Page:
The former All My Children star takes on the Los Angeles stage in the new play by playwright Jon Marans, directed by Daniel Henning
The theatre-going experience in Los Angeles is, for the most part, far different than theatre in New York City, the theatre capital of the world. Where Broadway venues are big, lush union houses, brimming with lights, sets, costume design, stars, paparazzi and highly expensive ticket prices, more of the theatres in Los Angeles are intimate settings offering audiences top notch material, with top notch talent, at a fraction of the cost.
The 2nd Stage at The Blank Theatre, Hollywood's Resident Theatre since 1990, is one such venue. The 49-seat theatre gives audiences the feeling of being right in the living room of the performers. If you're in the first row, you can literally reach out and touch the actors during certain scenes. There are times in Jon Marlan's The Cost of the Erection, that you are almost compelled to do just that -- to offer comfort or share in their joy -- as you are so totally immersed in their world thanks to the heartfelt writing, clever staging and exceptional performances.
Most of the action takes place in a raw space loft in Manhattan and involves two married couples, Mark and SuSu, and Rod and Brenda. Mark (Michael E. Knight) is a happy-go-lucky, almost child-like veteran architect, who has not yet achieved his full potential in the field. SuSu (Robin Riker), from an affluent background, is an all-business Public Relations person representing architects, but does she rep her own husband? Meanwhile, Rod (James Louis Wagner) is a young, brash, cocky up and coming architect, who SuSu is determined to land as a new client. Things get even dicier when we learn that Brenda (Kal Benentt), Rod's wife, was once SuSu's best friend, but they have not spoken in years, thanks to some, at first, unknown rift between them.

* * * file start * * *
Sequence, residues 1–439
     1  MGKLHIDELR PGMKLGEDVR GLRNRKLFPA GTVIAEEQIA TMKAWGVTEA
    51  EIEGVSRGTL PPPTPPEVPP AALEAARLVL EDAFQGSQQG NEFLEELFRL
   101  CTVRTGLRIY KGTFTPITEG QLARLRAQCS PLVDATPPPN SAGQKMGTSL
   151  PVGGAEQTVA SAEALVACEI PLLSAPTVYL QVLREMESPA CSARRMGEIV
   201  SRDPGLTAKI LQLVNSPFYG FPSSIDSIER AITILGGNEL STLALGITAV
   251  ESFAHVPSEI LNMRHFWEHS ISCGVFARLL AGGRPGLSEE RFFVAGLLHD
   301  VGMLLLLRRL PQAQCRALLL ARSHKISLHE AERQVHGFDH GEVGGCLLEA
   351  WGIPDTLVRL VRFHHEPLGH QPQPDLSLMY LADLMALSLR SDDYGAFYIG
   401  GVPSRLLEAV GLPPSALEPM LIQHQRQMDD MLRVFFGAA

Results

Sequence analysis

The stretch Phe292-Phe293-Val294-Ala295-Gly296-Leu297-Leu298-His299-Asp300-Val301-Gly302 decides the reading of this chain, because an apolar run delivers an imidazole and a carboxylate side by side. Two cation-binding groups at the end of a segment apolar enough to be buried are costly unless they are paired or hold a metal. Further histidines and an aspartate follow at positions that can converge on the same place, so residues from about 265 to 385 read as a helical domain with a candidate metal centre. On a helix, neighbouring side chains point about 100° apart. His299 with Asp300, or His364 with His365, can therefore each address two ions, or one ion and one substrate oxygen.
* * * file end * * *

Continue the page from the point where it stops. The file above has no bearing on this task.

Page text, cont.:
The plot heightens when SuSu, tired of Mark's lagging in his charge to design their new raw space apartment, takes Rod up on his highly energetic and confident offer to design the space for them. SuSu decides both Mark and Rod should submit designs. Brenda is against the "competition," which SuSu maintains is not a competition at all, rather simply a way to push for the best design. Sounds like competition to me!
What ensues is a tale of love and lust, power and playfulness, deception and divorce and both couples' learning what it really takes to be together forever.
Michael E. Knight excels in the role of Mark. He plays the character as "the good guy," but he is certainly not all good. His journey forces him to be underhanded at times, unfaithful to his ideals and to his life in general, but steadfast in knowing ultimately what he wants and stoops as low as he has to stoop to get it. The story delves into the character's vulnerabilities as well as his strengths with Knight maintaining complete control and seemingly effortless authenticity at all times. We are likewise treated to doses of his devilish sense of humor, his attempt at ballroom dancing, a little physical comedy, and even a romantic ballad. Who knew Knight could sing?
Robin Riker (who soap fans will remember from her recent stint on The Bold and the Beautiful) couldn't have been better cast as SuSu. She is at once charming and delightful, hurtful and hard, playful and skittish, and determined to get what she wants at all cost. But as the story unfolds, she reaches a point of remorse for past misdeeds, and finally admits her inner sorrows in a touching scene between once best friends, SuSu and Brenda. The scene brought me to tears, as Riker makes us share SuSu's pain.